Could exotic animals be returned to Ohio zookeeper's wife?
The wife of a backyard zookeeper who set his big game animals free in Ohio before taking his own life has said she wants to take back the six creatures that survived a bloody hunt with law enforcement officers.
But that request by Marian Thompson might be moot.
Muskingum Sheriff Matt Lutz told the media this week that authorities won't even consider returning the animals -- including three leopards, two monkeys and a young grizzle bear -- unless they can be assured that Thompson can suitably care for them. And that may be unlikely, given the revelations that the Thompsons were deeply in debt, owing at least $69,000 in back taxes. Husband and wife had been living apart as of late.
The surviving animals are currently at the Columbus Zoo and Aquarium in Ohio, where officials say they are adjusting nicely to their new home. Jack Hanna, the Columbus Zoo director emeritus, told the media throng that has descended on Ohio that he met with Marian Thompson and promised her that he wasn't seizing them, just caring for them in the aftermath of the tragedy.
"I said, 'I'm not taking your babies or children. I'm taking your animals to the zoo.' "
Lutz, who has been overseeing the investigation into the Ohio tragedy, told the media that Marian Thompson was especially attached to the animals and suggested that she would like them back. "She probably spent more time with these animals than some parents do spend with their kids," he said at a news conference held earlier this week.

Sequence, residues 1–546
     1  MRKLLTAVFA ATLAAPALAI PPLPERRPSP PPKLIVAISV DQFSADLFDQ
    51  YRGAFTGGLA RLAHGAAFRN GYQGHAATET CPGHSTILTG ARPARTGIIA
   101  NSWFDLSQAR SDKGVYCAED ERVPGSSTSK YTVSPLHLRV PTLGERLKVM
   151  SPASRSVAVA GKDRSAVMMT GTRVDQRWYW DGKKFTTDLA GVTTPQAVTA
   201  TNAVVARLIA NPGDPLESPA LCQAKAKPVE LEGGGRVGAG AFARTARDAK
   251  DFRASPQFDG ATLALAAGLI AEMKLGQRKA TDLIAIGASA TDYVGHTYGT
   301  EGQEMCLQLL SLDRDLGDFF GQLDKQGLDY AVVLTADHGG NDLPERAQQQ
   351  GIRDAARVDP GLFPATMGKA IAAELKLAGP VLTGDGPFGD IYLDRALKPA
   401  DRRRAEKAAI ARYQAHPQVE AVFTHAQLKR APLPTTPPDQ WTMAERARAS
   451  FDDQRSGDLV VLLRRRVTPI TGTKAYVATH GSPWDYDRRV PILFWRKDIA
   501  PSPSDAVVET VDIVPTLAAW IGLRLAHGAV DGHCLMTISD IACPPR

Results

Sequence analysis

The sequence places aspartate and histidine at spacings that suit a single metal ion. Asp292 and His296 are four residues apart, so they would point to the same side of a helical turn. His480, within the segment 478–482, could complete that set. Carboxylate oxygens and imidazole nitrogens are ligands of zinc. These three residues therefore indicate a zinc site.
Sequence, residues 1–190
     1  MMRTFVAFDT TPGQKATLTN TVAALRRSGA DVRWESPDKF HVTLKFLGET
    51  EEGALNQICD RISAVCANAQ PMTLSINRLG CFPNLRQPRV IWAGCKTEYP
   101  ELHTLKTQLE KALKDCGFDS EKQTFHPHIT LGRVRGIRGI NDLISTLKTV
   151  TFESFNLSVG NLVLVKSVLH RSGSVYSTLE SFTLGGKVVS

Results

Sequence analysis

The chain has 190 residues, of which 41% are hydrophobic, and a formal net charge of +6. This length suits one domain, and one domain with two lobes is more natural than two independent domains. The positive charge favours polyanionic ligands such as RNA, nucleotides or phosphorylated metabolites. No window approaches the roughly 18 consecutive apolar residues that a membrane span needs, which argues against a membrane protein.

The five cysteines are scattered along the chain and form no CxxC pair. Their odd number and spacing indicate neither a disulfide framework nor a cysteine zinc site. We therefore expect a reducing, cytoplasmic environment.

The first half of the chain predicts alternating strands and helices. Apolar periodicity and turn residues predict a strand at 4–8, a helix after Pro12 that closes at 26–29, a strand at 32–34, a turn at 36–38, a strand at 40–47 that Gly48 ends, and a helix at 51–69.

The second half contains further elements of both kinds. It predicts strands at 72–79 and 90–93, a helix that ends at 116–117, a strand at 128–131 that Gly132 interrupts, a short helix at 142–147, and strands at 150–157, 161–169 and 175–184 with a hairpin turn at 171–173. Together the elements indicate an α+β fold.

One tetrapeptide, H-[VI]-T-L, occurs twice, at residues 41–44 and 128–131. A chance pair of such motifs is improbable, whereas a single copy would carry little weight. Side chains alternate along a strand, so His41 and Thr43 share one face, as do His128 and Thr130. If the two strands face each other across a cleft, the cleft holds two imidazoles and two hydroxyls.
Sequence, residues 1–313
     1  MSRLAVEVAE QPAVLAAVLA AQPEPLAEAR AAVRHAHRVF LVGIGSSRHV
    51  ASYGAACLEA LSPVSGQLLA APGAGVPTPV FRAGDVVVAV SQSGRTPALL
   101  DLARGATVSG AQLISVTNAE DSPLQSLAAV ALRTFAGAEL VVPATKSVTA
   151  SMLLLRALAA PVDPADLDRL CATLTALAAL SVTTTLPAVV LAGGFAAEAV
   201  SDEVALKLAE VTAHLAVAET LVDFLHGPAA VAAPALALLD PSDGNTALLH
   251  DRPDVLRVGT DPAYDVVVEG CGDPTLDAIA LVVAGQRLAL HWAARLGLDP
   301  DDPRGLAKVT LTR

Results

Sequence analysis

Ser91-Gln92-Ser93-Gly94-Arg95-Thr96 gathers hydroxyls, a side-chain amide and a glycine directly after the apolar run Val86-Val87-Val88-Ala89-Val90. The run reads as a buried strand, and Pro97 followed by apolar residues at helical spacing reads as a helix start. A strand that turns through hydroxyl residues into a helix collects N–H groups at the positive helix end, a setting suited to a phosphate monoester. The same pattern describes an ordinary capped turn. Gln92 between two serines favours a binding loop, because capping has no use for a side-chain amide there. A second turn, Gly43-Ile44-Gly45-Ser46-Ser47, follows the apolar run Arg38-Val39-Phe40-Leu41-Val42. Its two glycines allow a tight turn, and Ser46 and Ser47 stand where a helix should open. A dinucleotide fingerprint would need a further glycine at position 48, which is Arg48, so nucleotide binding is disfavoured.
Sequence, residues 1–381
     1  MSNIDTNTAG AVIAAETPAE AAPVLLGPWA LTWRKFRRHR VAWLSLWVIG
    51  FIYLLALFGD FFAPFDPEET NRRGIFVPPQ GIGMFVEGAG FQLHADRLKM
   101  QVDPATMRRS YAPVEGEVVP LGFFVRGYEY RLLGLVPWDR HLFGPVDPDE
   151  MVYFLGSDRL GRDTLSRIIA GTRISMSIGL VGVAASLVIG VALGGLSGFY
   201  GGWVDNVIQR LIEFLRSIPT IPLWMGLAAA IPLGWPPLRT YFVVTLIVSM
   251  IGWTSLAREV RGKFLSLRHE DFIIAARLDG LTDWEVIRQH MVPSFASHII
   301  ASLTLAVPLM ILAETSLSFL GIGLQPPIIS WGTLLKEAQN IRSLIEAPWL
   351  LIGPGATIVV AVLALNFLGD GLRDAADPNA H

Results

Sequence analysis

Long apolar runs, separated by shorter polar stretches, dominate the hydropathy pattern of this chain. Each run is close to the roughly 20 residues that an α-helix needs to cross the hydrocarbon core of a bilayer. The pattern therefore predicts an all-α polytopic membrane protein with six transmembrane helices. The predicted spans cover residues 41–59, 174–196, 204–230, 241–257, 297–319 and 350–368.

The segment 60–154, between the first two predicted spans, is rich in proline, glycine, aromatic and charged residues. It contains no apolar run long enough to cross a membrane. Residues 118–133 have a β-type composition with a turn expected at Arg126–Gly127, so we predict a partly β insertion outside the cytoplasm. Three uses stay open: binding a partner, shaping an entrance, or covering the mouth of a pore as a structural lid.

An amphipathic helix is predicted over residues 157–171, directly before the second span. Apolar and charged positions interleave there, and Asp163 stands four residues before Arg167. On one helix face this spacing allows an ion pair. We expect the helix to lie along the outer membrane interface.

Marian Thompson reportedly told Columbus Zoo staff as much herself: ABC reported that during her visit there she remarked that she was particularly close to the surviving female monkey, which would sleep with her when she was still living at the farm.
So far, Marian Thompson has remained tight-lipped on what drove her husband this week to throw open the cages and slash open the pens on more than 50 wild and exotic animals that he kept in a backyard zoo, among them tigers, lions, wolves, bears and monkeys.
Once the animals were freed to wander the 73-acre compound in Zanesville, Ohio, Thompson then used a gun to kill himself. (At around the same time he killed himself, Thompson was bitten in the head -- most likely by one of his big cats -- and dragged a short distance.) Authorities are at a loss as to why he all but signed a death warrant for the creatures he claimed to love: Law enforcement officers said they had little choice but to gun down most of the animals to protect the public.
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Photo: One of two macaques taken from Thompson's backyard farm at its new home at the Columbus Zoo and Aquarium. Credit: Grahm S. Jones / Columbus Zoo and Aquarium